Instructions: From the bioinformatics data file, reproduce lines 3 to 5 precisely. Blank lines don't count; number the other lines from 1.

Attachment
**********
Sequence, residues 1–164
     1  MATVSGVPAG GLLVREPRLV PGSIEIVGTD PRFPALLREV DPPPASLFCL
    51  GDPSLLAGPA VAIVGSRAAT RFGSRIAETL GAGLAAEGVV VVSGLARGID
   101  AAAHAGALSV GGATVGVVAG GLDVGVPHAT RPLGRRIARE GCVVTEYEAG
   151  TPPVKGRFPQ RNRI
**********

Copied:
    51  GDPSLLAGPA VAIVGSRAAT RFGSRIAETL GAGLAAEGVV VVSGLARGID
   101  AAAHAGALSV GGATVGVVAG GLDVGVPHAT RPLGRRIARE GCVVTEYEAG
   151  TPPVKGRFPQ RNRI